Scientific Workgroup for Rocketry and Spaceflight (WARR, Wissenschaftliche Arbeitsgemeinschaft für Raketentechnik und Raumfahrt), the largest student group at the Technische Universität München (TUM), is focused on developing, testing, and launching experimental sounding rockets. Project Nixus, the latest challenge taken on by the motivated team of students, aims to design a liquid-fueled sounding rocket that will participate in student competitions such as the European Rocketry Challenge. The rocket is intended to compete in the 30k Student Research and Developed (SRAD) competition segment. Among several challenges, the main goal in this competition is to hit a target altitude of 30,000 feet (9144 m) as accurately as possible.
Utilizing liquid propulsion signifies a major step up in system complexity for the WARR rocketry team. With the rocket being designed from scratch, their focus lies on completing a functioning and qualifying system in a short amount of time. Future generations will optimize and refine the design over time and apply the technologies and competencies developed in subsequent projects, such as going beyond the Karman Line (>100km altitude).
Manufacturing and testing are especially important steps in the development process. These serve to validate and improve the designs, but also give WARR practical experience in the contemporary commercial spaceflight industry, enabling students to gain industry-relevant hands-on experience long before the completion of their studies.
Perle Systems is pleased to sponsor the team at WARR with an Industrial PoE Switch, a pair of long-range Ethernet Extenders, and an extended temperature Serial Device Server. We can all follow their progress here.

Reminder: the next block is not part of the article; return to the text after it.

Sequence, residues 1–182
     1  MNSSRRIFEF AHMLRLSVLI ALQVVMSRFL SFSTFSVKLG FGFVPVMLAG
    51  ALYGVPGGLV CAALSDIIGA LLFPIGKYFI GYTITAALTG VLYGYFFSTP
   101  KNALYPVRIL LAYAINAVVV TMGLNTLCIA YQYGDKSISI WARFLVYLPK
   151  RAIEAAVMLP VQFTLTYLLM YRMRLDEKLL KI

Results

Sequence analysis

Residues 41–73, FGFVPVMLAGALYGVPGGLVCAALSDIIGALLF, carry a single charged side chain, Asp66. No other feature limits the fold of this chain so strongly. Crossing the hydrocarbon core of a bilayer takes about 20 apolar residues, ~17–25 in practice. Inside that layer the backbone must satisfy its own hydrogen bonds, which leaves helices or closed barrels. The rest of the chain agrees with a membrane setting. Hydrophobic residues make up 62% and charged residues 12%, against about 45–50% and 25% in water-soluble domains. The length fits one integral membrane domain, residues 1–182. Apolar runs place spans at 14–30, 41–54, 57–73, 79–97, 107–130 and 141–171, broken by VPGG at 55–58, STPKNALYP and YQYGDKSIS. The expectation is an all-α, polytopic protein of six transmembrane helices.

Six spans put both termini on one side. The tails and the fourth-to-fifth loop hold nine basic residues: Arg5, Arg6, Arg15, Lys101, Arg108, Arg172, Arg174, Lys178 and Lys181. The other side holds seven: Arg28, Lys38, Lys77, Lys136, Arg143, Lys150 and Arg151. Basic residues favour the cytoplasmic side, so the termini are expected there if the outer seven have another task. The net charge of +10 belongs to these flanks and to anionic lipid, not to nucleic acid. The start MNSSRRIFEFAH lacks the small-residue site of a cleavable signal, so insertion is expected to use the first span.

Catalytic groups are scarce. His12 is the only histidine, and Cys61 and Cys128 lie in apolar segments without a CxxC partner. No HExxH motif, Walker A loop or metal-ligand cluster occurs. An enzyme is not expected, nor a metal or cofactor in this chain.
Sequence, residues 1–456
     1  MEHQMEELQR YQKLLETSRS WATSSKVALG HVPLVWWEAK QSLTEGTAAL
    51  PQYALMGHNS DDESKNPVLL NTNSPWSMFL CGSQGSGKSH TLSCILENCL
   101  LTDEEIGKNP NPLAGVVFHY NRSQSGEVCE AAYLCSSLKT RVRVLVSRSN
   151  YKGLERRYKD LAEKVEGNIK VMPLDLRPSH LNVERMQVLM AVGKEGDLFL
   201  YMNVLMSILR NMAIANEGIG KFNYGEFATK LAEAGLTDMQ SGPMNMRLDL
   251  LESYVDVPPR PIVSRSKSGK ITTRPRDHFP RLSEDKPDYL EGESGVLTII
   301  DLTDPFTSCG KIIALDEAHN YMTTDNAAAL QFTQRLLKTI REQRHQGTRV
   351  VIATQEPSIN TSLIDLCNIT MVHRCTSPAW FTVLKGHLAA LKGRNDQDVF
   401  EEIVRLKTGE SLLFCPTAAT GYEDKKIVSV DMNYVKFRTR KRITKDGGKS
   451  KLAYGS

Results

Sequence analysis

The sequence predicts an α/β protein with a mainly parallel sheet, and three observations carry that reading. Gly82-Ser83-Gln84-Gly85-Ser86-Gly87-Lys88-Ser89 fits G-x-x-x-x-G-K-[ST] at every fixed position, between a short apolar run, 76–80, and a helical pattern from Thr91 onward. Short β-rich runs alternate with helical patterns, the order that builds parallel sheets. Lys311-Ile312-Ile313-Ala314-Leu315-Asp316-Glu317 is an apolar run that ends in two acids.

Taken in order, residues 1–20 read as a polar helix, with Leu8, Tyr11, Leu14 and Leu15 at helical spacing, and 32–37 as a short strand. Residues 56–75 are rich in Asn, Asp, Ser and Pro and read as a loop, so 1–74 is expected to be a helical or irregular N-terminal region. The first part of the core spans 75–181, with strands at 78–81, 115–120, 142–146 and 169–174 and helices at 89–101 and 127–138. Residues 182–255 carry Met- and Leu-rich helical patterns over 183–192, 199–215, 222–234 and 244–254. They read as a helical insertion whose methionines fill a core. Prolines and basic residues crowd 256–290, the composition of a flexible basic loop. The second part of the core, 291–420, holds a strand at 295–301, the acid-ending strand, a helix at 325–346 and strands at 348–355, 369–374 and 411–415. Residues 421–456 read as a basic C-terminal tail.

Project Nixus Design Details
Antonio Steiger, Electronics Team Lead for Project Nixus comments,
We are designing the rocket and all the electronics from scratch. As you can imagine, there is a lot of complex equipment that communicates, monitors, and coordinates a successful launch and flight. Every component we choose must undergo careful consideration in terms of suitability and placement. There are three core parts of the build.
1. The Rocket: Durability and weight are the most critical considerations for every component onboard the rocket. The heavier the rocket, the more thrust is needed to launch it off the ground. This is especially critical in liquid-propellant rockets as liquid engines are generally heavier than solid engines due to the weight of pumps and fuel lines. Steiger comments,
Flight computers on the rocket receive commands and send diagnostic and monitoring data back to the control room via RS485. We chose RS485 serial transceivers for the rocket because of their light weight. In addition, they allow us to have a reliable, simple wired connection from the rocket to the Chronos launchpad interface.